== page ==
A flurry of of announcements made yesterday serve to highlight the company’s desire to make a success of so-called mixed reality technologies. At an event in San Francisco, Microsoft showed off a series of new AR and VR headsets that will be available later this month. They include, according to TechCrunch, an impressive new premium device by Samsung that will cost $500.
Elsewhere, Microsoft is upping its experience ante. A big part of that is a virtual Cliff House, which Gizmodo makes sound rather fun:
I could see myself blogging from Microsoft’s VR world, my Twitter feed above me, a small blog window down on my lap like a laptop, and huge space for Photoshop directly in front of me ... Got to edit a two-hour flick? Instead of spending thousands on 40-inch monitors, I could build a custom video editing rig right into the Cliff House with nothing more than a flick of my wrist. Want to switch things up and watch a movie? I could teleport instantly to a darkened room with a 300-inch equivalent display in front of me.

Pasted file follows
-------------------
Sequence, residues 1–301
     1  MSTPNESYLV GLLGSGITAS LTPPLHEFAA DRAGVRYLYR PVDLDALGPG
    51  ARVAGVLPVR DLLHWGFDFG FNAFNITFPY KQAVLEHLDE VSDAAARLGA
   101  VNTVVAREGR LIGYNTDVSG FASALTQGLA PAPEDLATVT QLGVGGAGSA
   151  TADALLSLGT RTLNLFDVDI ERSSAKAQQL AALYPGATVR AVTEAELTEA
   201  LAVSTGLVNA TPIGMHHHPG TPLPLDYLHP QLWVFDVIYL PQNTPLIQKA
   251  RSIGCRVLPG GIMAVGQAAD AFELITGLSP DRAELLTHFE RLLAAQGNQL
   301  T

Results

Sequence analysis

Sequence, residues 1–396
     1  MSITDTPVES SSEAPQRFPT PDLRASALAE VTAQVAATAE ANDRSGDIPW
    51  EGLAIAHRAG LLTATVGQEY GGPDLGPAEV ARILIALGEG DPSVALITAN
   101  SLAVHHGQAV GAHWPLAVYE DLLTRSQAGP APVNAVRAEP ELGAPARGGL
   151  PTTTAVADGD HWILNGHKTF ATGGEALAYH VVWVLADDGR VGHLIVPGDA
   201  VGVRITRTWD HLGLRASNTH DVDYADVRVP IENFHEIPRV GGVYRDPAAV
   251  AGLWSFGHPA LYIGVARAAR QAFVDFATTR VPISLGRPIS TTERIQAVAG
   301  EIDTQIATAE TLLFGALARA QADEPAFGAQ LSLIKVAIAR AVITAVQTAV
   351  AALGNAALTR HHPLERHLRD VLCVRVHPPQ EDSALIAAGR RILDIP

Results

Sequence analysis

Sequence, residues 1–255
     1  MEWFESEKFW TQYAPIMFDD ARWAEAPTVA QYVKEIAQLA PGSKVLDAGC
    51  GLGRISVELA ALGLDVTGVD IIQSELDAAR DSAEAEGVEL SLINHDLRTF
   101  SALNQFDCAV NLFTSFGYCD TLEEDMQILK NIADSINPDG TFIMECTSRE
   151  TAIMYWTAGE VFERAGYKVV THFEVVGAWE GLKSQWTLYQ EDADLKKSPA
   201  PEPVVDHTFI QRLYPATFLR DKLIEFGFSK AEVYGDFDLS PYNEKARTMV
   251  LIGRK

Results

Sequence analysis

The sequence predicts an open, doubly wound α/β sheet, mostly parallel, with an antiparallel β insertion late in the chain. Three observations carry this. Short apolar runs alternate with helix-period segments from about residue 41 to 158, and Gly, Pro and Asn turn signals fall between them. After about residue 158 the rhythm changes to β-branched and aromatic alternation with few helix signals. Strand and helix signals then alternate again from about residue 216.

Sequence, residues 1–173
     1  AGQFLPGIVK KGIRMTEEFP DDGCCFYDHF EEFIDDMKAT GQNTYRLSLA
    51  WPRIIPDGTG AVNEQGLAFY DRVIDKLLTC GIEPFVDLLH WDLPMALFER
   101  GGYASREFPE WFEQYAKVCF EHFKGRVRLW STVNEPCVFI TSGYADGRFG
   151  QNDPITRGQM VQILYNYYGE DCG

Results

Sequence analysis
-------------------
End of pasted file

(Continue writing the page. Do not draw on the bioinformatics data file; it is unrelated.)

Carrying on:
It announced more content, too. The Verge reports, for instance, that Microsoft will roll out a VR version of the popular video game Halo and immersive coverage of the 2018 winter Olympics.
And it also wants to make the whole thing sociable: Variety reports that Microsoft has also acquired the social virtual reality platform AltspaceVR. That’s a huge turnaround for AltspaceVR, which announced in July that it planned to shutter its operations due to a lack of funding. But in its acquisition, Microsoft gets its hands on technology that could, as we’ve argued in the past, make time spent in VR a far less isolating experience.
All of which is to say that Microsoft isn’t messing around in virtual reality. The question now is, can it really make the technology catch on?
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